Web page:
and sexism as well as the incidence of violent behaviour on many campuses of
     higher education institutions. It is essential to promote the development of
     institutional cultures which will embody values and facilitate behaviour aimed at
     peaceful assembly, reconciliation, respect for difference and the promotion of the
     common good.
3.42 The Ministry proposes that all institutions of higher education should develop
   mechanisms which will:

   •   create a secure and safe campus environment that discourages harassment or any
       other hostile behaviour directed towards persons or groups on any grounds
       whatsoever, but particularly on grounds of age, colour, creed, disability, gender,
       marital status, national origin, race, language, or sexual orientation
   •   set standards of expected behaviour for the entire campus community, including but
       not limited to administrators, faculty, staff, students, security personnel and
   •   promote a campus environment that is sensitive to racial and cultural diversity,
       through extracurricular activities that expose students to cultures and traditions
       other than their own, and scholarly activities that work towards this goal.
   •   assign competent personnel to monitor progress in the above mentioned areas.

3.43 The Ministry is committed to an institutional culture in which there is gender equity.
   Institutions have a responsibility for creating an equitable and supportive climate for
   women students and staff. Priority areas affecting women's participation include
   women's representation in senior academic and administrative positions and
   institutional governance structures, child care facilities at institutions, affirmative action
   for women's advancement, and mechanisms to draw women students into post-
   graduate studies and into science and technology. Institutional information systems
   should incorporate mechanisms for monitoring and collecting data on women students
   and staff.
3.44 The Ministry deplores the many incidents of rape and sexual harassment on higher
   education campuses. Institutions are enjoined to develop and disseminate institutional
   policies prohibiting sexual harassment of students and employees, together with the
   establishment of reporting and grievance procedures incorporating victim support and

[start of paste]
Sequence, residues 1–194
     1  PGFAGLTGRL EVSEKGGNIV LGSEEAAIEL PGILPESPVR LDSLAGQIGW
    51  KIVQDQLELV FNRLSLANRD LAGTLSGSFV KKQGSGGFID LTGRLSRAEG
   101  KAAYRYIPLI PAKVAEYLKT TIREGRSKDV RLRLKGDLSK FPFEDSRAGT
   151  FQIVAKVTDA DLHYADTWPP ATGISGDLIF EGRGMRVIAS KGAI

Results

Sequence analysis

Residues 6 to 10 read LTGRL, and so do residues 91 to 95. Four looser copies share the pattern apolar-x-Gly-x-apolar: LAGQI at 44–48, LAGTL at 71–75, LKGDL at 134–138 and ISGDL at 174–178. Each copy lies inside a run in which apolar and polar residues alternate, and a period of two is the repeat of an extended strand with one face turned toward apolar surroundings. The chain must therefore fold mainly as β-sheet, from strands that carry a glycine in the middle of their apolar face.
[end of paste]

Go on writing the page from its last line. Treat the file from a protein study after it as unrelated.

counselling, confidentiality, protection of complainants from retaliation, as well as
   mechanisms for ensuring due process and protection for respondents.

Independent assessor

3.45 Consistent with the Ministry's responsibility to ensure accountability for the use of
public resources and having regard to the reputation of the higher education system, the
Higher Education Act will confer a legal right upon the Minister to seek an independent
assessment and advice on the condition of a higher education institution when serious
circumstances arise in an institution or institutions which warrant investigation in terms of
the procedures prescribed by the Act. The CHE will be asked to prepare a panel of
independent assessors from which the Minister will choose.
3.46 The right to send an assessor to an institution may be exercised where the council
       of an institution so requests, or in exceptional circumstances that involve financial
       or other maladministration of a serious nature, or which are seriously detrimental to
       the effective functioning of the institution, where the council has failed to resolve
       the situation, and such an appointment is in the best interests of higher education
       in an open and democratic society. An Independent Assessor will report to the
       Minister within 30 days of appointment, with findings and recommendations. The
       report will be made available to the council of the institution.
                                           CHAPTER 4


4.1    The transformation of the higher education system to meet growth, equity and
       quality objectives will involve additional costs. The obvious question is: how are
       these costs to be met when significant real increases in public expenditure on
       higher education are unlikely to greatly exceed the real rate of economic growth?
4.2 There is substantial scope to improve the internal efficiency of the higher education
   system, even if it takes some time to generate significant savings. A concerted effort
   needs to be made to implement system-wide and institutional reforms that reduce
   wasteful expe nditure, improve efficiency and enhance quality. Such measures include,
   for example:

      •   Reducing unit costs through an open and transparent allocation of public funds
          based on normative costs and performance criteria.
      •   Reducing duplication and overlap in institutional, programme and service provision.
      •   Broadening the use of high quality but less labour-intensive teaching and learning
          strategies, including distance education and resource-based learning.
      •   Improving student throughput and completion rates, aided by effective academic
          development and student support systems, and more focused or targeted public
          funding measures.

4.3     South Africa's present level of public expenditure on higher education is rather high
    by international standards and has been growing at a somewhat faster real rate than in
    many other countries. It is unlikely that the recent trend of public expenditure growth
    rates in this sector can be sustained over the next decade, given other pressing social
    needs. However, given projected nationa l economic growth estimates, there would be